In a lot of ways this reminds me of early Metal Gear Solid games, where the player is forced to pay attention to their surroundings and strategize attacks. Sometimes this means hiding in an inanimate object until the guard turns around, other times it's to set up diversions to draw the enemies away from where he needs to go. Things never get as complicated (or silly) as Solid Snake's missions, but fans of the long-running stealth series will get a lot out of Warp.
Because you're so afraid of getting caught, this sets up a number of unique puzzles the player must solve in order to make it out unscathed. Sometimes it's as simple as moving a ball around a maze, while other times you'll have to use the enemy's stupidity to take out explosive power stations. Traversing the game's large world is made even harder thanks to the overabundance of water -- our hero's kryptonite. Thankfully there's always a way around, these obstacles, but the player will have to be smart enough to figure out the best solutions.
The action is seen from an overhead perspective, allowing the player to quickly survey the environment. This works perfectly fine, though might not be the most visually satisfying way to tell the story. Speaking of story, there really isn't much of one in Warp. Outside of the occasional one-sided conversation you have with the other telepathic alien hostage, there really isn't a whole lot of time for character development. The emphasis here is tense action and increasingly difficult puzzles. Still, by the end of the game I felt something for the unlucky alien.
Despite the promise of enemy guards exploding into little pieces, Warp's visuals are modest at best. There are a few graphical tricks tossed in the different parts of the base, but it's not the kind of thing you'll want to tell your friends about. The developer is hoping that the various puzzles (most of which have multiple solutions) will be enough to keep you playing from start to finish. Having said that, it would have been nice to see a little more variety in the backgrounds.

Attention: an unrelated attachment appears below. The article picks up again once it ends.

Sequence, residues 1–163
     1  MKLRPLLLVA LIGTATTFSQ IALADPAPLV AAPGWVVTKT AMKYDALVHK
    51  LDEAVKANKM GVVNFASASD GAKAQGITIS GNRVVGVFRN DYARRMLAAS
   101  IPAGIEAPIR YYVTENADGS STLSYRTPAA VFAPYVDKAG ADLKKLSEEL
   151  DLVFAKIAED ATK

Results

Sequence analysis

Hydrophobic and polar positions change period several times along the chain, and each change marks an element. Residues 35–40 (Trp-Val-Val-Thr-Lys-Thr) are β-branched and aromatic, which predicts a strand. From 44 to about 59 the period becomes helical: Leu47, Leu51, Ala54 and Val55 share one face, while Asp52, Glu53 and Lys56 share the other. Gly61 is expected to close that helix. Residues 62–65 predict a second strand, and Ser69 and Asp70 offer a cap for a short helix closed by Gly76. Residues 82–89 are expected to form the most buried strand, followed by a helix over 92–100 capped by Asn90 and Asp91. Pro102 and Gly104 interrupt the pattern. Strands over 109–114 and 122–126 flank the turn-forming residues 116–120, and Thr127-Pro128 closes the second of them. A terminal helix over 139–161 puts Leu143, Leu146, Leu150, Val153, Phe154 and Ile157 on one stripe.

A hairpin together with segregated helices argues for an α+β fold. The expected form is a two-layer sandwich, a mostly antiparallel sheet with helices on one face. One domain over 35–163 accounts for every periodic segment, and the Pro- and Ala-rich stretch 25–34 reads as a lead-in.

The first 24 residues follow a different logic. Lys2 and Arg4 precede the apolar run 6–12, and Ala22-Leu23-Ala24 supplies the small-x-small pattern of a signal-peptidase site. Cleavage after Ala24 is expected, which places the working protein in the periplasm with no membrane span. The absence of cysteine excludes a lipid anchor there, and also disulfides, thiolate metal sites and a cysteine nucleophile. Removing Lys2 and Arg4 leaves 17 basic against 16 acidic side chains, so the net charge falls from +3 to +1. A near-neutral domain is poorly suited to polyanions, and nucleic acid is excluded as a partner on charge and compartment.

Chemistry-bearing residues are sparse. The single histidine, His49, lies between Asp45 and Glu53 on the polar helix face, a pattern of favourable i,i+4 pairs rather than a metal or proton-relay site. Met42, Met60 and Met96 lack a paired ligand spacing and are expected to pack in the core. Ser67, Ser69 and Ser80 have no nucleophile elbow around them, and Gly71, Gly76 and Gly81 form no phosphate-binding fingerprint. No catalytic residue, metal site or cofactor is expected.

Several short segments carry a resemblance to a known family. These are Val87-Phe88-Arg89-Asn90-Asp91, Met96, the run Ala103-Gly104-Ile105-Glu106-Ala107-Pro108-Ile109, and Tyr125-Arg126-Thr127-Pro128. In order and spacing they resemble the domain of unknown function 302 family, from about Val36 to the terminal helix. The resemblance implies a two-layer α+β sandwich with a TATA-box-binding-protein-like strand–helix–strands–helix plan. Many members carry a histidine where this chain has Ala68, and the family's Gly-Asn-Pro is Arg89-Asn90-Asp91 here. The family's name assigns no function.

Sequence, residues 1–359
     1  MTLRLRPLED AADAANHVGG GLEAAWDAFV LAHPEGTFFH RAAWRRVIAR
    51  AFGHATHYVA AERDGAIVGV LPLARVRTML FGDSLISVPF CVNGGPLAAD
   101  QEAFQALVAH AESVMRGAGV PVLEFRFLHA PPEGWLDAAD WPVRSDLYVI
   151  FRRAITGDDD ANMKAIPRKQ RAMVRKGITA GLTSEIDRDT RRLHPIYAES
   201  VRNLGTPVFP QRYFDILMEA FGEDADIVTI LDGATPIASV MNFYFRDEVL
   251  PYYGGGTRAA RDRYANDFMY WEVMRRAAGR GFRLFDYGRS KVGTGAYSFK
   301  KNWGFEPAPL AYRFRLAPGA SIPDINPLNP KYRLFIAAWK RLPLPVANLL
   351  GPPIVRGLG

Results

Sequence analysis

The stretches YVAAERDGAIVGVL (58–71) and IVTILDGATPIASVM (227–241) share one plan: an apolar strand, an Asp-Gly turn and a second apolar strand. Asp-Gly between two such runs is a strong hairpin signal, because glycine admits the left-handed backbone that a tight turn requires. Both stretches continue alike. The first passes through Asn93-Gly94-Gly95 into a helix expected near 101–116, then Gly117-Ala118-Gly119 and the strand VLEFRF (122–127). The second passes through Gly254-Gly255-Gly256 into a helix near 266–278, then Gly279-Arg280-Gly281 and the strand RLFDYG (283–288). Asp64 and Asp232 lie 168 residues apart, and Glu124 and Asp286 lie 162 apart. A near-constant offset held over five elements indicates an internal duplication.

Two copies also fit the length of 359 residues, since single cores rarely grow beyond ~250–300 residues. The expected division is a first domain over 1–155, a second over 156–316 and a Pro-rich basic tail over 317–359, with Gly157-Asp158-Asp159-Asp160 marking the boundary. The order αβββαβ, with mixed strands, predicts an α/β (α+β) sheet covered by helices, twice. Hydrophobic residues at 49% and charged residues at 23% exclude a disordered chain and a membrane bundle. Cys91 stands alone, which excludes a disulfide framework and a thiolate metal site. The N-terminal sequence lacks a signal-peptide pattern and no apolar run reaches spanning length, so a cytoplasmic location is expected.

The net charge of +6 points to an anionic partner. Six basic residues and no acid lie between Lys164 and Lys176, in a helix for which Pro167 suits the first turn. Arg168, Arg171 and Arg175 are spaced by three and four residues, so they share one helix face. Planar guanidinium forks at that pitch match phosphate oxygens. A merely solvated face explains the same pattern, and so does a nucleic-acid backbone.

Our hero has more to do than simply escape the prison he got himself into. It turns out that there are a bunch of challenge levels that test your speed, accuracy and knowledge of this alien's moves. These can be picked up along the way (literally stopping the action until you either complete the challenge or die), as well as played later from the main menu. The way these stages look and feel comes directly out of Metal Gear Solid's VR Missions, suggesting that the team that made Warp has a thing for Hideo Kojima games.
While Warp does eventually run out of good ideas, the game is compelling enough to keep your attention for the full running time. It's a nice diversion from all of those games where you play space marine shooting down everything that's not human. I definitely want to see more of this trend, especially if the games are as good as Mutant Blobs Attack and Warp. Despite only being a few years old, Trapdoor is a developer I plan to keep my eyes on.
Warp isn't a game about shooting down aliens and thumping your chest; instead you play the alien and kill every human that moves. This turns out to be a lot of fun thanks to the puzzles solving and Metal Gear Solid-style stealth sequences. It's over a little too quickly, but people that pay the ten dollars won't feel cheated!
This product was submitted by the publisher for review. As a rule, Defunct Games does not review games we spent money on. However, that does not always apply to classic/retro games. This specific product, however, came straight from a PR guy for the purposes of being reviewed!